## Resources 🔗

### Implementation 🔗

#### NLP 🔗

https://pmbaumgartner.github.io/blog/notes-on-nlp-projects/

## Confusion Matrix 🔗

Predicted Negative Predicted Positive
Actual Negative True Negative (TN) False Positive (FP)
Actual Positive False Negative (FN) True Positive (TP) Figure 1: From An introduction to ROC analysis by Tom Fawcett
• Recall = Sensitivity = TPR = TP/(TP+FN)
• FPR = FP/(FP+TN)
• Precision = positive predictive value = TP/(TP+FP)
• ROC plots TPR (recall) vs FPR
• PR plots precision vs recall

### Importance of precision 🔗

$Precision = \frac{\text{True Positive}}{\text{All predicted positives}} = \frac{TP}{TP + FP}$ Out of all predicted positives, which ones were really positive? When the cost of a false positive is high, we need to ensure precision is high. E.g. In spam detection, when a non-spam email (Actual Negative) is classified as spam (Predicted Positive). Important not to falsely accuse non-spam emails!

### Importance of recall 🔗

How many actual positives were captured. $Recall = \frac{\text{True Positive}}{\text{All actual positives}}$ When the cost of a false negative is high, recall needs to be high. E.g. in fraud detection or contagious disease detection, a true negative slipping through is dangerous.

### F1 Score 🔗

$F1 = 2 \cdot \frac{Precision\cdot Recall}{Precision + Recall}$ High accuracy can be misleading if it’s largely made up of true negatives, since true negatives might not be the focus in business cases, whereas false negatives (recall) and false positives (precision) usually have business costs.

• Accuracy is used when we are only concerned with the TP and TN, while F1-score is used when the False Negatives and False Positives are more crucial. Accuracy can be used when the class distribution is similar while F1-score is a better metric when there are imbalanced classes as in the above case.
• F1-score balances between precision and recall.
• Accuracy = TP + TN / TP + TN + FP + FN
• In extreme class imbalance it’s almost TN / TN + FP, just the fraction of negative
• F2 emphasizes recall over precision. E.g. when we want to always detect cancer symptoms at the expense of false alarms.

## Information Theory 🔗

### Entropy 🔗

Shannon defined entropy $$H$$ as the expected information content $$I$$ of random variable $$X$$, or how surprised we would expect to be on average after sampling from $$X$$. $$\mathrm {H} (X)=\operatorname {E} [\operatorname {I} (X)]=\operatorname {E} [-\log(\mathrm {P} (X))].$$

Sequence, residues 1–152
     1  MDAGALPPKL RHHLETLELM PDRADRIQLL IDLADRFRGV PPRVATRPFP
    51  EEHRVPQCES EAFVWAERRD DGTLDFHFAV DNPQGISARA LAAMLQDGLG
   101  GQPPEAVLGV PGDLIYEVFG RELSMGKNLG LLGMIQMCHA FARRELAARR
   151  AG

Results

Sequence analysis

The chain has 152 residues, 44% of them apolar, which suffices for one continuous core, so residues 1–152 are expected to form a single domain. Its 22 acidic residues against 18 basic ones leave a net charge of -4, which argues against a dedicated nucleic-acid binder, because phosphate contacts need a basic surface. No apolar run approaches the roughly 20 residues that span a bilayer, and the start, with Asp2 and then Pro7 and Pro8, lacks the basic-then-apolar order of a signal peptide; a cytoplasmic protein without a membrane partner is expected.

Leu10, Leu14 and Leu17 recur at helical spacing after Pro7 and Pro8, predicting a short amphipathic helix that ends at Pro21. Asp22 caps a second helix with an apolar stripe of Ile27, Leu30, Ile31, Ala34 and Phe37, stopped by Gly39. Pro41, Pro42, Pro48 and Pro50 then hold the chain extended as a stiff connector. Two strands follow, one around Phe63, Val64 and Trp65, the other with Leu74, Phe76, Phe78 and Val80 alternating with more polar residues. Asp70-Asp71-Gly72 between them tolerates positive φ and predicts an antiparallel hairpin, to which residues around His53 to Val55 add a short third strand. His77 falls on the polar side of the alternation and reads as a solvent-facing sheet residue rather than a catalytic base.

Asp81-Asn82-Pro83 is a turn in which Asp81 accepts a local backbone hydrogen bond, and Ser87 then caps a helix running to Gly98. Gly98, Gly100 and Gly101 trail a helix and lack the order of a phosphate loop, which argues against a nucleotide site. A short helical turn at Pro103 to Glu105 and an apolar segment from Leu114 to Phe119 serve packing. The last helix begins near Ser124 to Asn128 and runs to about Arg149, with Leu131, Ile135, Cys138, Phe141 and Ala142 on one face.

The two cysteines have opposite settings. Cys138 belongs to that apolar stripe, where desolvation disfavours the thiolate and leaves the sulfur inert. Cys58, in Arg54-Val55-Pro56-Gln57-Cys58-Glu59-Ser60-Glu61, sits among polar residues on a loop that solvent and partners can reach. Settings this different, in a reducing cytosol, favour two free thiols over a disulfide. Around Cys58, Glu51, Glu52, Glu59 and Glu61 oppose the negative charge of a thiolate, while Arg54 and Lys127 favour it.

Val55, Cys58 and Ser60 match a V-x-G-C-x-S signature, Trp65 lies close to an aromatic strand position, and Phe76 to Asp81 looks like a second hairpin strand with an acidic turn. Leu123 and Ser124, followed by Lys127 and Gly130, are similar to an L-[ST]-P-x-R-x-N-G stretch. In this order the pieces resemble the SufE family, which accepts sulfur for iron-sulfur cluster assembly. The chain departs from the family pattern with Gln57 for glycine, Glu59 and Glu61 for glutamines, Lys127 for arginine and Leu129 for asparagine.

Intuitively, when an event has a low probability, it is more surprising and therefore contains more information, which is why $$I(X)$$ and $$P(X)$$ are inversely correlated: $$I(X) = -\log(P(X)) = \log(\frac{1}{P(X)})$$.

Using the definition of expected value, the entropy of a probability distribution $$p(x)$$ is explicitly:

$H(p(x)) = - \sum_{i=0}^N p(x_i) \cdot \log p(x_i)$ If we use $$\log_2$$ we can interprety entropy as the minimum number of bits to encode the information. More generally, $$H$$ quantifies how much information is in data, specifically the theoretical lower bound on the number of bits/nats/bats/etc. we need.

## Bayesian modeling 🔗

Compilation of notes on Bayesian statistical methods

### The duality of $$p(x|\theta)$$ 🔗

It is sometimes referred to as the likelihood of the data, and sometimes referred to as a statistical model. The difference is whether we are looking at $$p(x | \theta)$$ as

#### a function of $$x$$, where $$\theta$$ is known 🔗

If $$\theta$$ is a known model parameter, then $$p_x(x|\theta) = p(x; \theta) = p_\theta(x)$$ is the probability of $$x$$ according to a model parameterized by $$\theta$$, also known as a model/statistical model/observation model measuring uncertainty about $$x$$ given $$\theta$$.

(If $$\theta$$ is a known random variable, $$p(x|\theta)$$ is just a conditional probability, $$\frac{p(x, \theta)}{p(\theta)}$$.)

#### a function of $$\theta$$, where $$x$$ is known 🔗

Unlike the above, the emphasis is on investigating the unknown $$\theta$$.

$$p(x|\theta)$$ is the probability of some observed data $$x$$, that resulted from the random variable $$\theta$$ taking on different values.

When doing MLE to find the assignment $$\hat{\theta}$$ for $$\theta$$ that maximizes likelihood $$p(x|\theta)$$, $$p(x|\hat{\theta})$$ is also called the maximum likelihood of $$\theta$$ given $$x$$, $$\mathcal L(\hat\theta|x)$$.

In other words, it’s a function of $$\theta$$ (written more explicitly as $$p_\theta(x|\theta)$$) that measures the extent to which observed $$x$$ supports particular values of $$\theta$$ in a parametric model.

### MCMC Algorithms 🔗

#### psis-loo 🔗

Fit a Pareto distribution (a power-law distribution) to the tail of importance sampling weights

### Bayesian Neural Networks 🔗

http://mlss.tuebingen.mpg.de/2015/slides/ghahramani/gp-neural-nets15.pdf A multilayer perceptron (neural network) with infinitely many hidden units and Gaussian priors on the weights -> a GP mind is blown??????? with a certain covariance function: Source: http://videolectures.net/gpip06%5Fmackay%5Fgpb/ Also… Gaussian Processes can be thought of as applying the kernel trick to an infinite-dimensional feature space. Source: http://katbailey.github.io/gp%5Ftalk/Gaussian%5FProcesses.pdf

#### Examples of parametric and nonparametric models 🔗 non-parametric version of neural networks

### Gaussian Processes 🔗

Nice video by Nando de Freitas Cholesky decomposition: $$X = L * L^T$$

### Resources 🔗

GP, DP, CRP, Indian buffet processes…